- The closest competitor is the Tokina AT-X 17-35mm f4.0 FX. It only lacks 1mm focal length on the wide end and has no image stabilization but it is only two-thirds of Nikon's price. Tokina also offers the AT-X Pro 16-28mm f2.8 FX which is a little more expensive but offers a constant f2.8 aperture. It starts at 16mm like the Nikon but only reaches 28mm on the long end which is 20% shorter than the Nikon. So you need to crop 20% to get the same framing as with the 35mm of the Nikon which in turn means giving up 36% of pixels from your sensor. So instead of working with the, say, 24MP of a D610 you're left with 15.4MP.
- Sigma offers the 12-24mm F4,5-5,6 DG HSM II. It is 2/3 of a stop darker and covers a much shorter range of focal lengths. Indeed it is the shortest zoom covering a full-frame sensor starting at 12mm which is 25% shorter than the Nikon. It is in the same price range than the Tokinas so if you're into extreme wide-angle photography you might have a look at this lens. Keep in mind though that 24mm is 33% shorter than 35mm and you would give up 56% of your sensor's pixels to get to the same framing as with 35mm focal length.
- Nikon has three other lenses in this range if you discount the older AF 18-35mm f3.5-4.5D ED. There's the AF-S 18-35mm f3.5-4.5G ED for around 600 EUR (see my Nikon 18-35mm review) plus two professional grade constant f2.8 aperture lenses: the AF-S 17-35mm f2.8D ED which is an older design from 1999 and the AF-S 14-24mm f2.8G ED from 2007 (see my Nikon 14-24mm review). The latter pair are naturally the most expensive of the alternatives costing around 1400 EUR and 1500 EUR respectively.
This makes a total of seven lenses in this range, so you have to decide carefully what you want or need and what your wallet is capable of. First I'd decide which focal range you need: 16-35mm does not sound interesting to someone with a DX-body who is used to shooting with a standard zoom starting at 16mm or 18mm and reaching 55mm or further. But remember: these lenses cover full-frame sensors and have a field of view that is equivalent to a focal length of around 11mm on a DX-body respectively. So if you own or are planning to buy a full-frame body then 16mm or even 18mm is already pretty wide. And 35mm on the long end would still be considered a mild wide-angle. Only if you're really into extreme wide-angle would I suggest to look for zooms that start at 12mm or 14mm focal length.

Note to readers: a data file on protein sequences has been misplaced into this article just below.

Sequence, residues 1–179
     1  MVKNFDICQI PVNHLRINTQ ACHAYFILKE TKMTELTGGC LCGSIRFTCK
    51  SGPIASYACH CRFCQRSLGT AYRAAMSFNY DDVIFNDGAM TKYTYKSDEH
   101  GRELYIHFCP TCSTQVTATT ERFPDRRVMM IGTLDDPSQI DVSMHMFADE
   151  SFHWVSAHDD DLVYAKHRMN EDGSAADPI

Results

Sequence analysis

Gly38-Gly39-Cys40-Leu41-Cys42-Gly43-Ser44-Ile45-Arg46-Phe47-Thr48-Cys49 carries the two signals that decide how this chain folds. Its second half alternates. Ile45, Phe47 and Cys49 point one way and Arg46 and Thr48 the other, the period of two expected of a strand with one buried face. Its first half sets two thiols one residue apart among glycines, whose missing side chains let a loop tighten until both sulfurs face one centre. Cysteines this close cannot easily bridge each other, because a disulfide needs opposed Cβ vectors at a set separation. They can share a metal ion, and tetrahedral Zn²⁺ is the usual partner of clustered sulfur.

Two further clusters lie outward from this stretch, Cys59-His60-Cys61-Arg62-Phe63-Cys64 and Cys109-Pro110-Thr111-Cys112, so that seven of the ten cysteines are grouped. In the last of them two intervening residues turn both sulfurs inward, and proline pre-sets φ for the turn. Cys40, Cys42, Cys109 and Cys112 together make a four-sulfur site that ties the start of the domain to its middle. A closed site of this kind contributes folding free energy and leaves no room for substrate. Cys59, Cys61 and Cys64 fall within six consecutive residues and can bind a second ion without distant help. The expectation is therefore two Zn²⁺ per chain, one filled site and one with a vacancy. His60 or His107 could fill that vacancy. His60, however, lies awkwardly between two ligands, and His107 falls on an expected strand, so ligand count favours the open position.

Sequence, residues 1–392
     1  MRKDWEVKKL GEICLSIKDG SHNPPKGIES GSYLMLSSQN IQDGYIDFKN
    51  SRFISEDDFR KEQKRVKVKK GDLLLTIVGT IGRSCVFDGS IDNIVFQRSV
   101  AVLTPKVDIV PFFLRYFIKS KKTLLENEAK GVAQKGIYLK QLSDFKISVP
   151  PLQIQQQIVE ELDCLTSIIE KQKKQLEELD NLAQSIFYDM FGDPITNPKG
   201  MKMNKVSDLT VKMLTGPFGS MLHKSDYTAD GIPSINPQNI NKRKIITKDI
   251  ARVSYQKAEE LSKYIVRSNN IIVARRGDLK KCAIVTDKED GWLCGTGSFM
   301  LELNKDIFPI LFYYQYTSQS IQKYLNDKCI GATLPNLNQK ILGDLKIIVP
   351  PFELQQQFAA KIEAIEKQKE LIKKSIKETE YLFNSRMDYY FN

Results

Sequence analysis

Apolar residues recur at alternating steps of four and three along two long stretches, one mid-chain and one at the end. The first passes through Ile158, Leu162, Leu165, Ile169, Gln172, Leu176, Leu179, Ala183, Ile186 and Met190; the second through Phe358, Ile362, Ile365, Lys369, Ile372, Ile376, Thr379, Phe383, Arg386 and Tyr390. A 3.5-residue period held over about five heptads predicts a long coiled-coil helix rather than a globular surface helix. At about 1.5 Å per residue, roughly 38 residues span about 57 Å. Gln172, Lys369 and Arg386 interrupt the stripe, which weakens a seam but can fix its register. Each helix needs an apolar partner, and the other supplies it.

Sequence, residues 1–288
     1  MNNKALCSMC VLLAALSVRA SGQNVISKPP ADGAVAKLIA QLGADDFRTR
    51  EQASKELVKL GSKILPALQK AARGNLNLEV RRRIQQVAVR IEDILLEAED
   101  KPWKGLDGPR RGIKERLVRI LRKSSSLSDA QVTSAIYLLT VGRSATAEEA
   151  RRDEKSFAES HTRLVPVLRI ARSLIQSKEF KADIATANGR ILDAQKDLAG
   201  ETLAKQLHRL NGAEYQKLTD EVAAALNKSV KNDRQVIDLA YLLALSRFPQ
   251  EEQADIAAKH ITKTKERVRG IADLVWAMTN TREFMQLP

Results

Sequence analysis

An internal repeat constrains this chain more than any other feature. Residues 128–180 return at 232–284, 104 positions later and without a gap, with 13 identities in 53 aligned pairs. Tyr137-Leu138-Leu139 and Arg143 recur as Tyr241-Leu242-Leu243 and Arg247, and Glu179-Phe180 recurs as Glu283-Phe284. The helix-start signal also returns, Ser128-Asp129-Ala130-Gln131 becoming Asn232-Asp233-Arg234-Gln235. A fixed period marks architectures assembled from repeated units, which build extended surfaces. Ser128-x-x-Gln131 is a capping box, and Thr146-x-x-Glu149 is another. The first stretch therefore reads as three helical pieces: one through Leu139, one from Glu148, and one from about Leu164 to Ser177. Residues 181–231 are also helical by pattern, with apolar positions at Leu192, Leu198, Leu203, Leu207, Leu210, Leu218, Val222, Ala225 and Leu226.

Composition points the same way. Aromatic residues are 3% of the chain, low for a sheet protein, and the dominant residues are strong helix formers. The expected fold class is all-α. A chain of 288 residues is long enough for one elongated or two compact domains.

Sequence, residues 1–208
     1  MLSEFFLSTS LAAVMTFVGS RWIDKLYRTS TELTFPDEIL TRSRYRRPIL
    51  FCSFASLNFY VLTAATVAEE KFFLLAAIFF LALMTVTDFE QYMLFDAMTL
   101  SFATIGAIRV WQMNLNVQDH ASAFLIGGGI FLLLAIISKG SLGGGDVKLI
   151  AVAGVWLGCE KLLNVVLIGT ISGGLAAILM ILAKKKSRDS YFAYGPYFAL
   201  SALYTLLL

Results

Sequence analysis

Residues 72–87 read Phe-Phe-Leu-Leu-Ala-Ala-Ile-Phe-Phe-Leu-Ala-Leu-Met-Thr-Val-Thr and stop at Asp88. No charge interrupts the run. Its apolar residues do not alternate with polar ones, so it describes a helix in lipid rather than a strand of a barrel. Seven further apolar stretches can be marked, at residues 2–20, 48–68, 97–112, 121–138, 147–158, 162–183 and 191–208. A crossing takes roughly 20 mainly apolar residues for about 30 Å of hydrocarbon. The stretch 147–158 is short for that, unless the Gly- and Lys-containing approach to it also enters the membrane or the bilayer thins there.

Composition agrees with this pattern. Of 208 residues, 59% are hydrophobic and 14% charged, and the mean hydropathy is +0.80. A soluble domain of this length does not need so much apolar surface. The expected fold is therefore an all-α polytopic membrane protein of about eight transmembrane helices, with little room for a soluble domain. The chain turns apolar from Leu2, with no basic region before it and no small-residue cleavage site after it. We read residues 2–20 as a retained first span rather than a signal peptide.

Focus and build quality
Focus accuracy and repeatability is critical to consistently produce sharp shots. Repeatability (the accuracy of focus on the same subject after repeated focus-acquisition) of this lens is very good with no real outliers over a series of 40 shots. I only found 4 shots with very mild mis-focus visible only at 100% magnification. There is no performance variation whether the lens focuses coming from infinity or from minimum focus distance. Focus acts very fast at 0.5 seconds. The focus ring turns only 50 degrees, which is very short but is still enough to make accurate focus wide open at the long end easy. Unfortunately there was some play between the focus-ring and the internal gears on my copy of the lens. The focus-ring runs very smooth and AF-operation is very quiet from the outside but records audible clacks and some snaring sounds from the built-in microphone. VR-operation on the other hand is quiet even in recordings. At 35mm the lens exhibits almost no focus-breathing, but at shorter focal lengths the lens exhibits some shrinking (reduction of the image magnification) the closer you focus.
In general the impression of build quality is that of an upmarket albeit not pro lens: a solid plastic construction combined with a weather sealed metal lens-mount, and nine rounded aperture blades.
Now it's time to check out the results in my Nikon 16-35mm quality and Nikon 16-35mm sample images pages, or if you'd like to skip to chase, head straight for my verdict!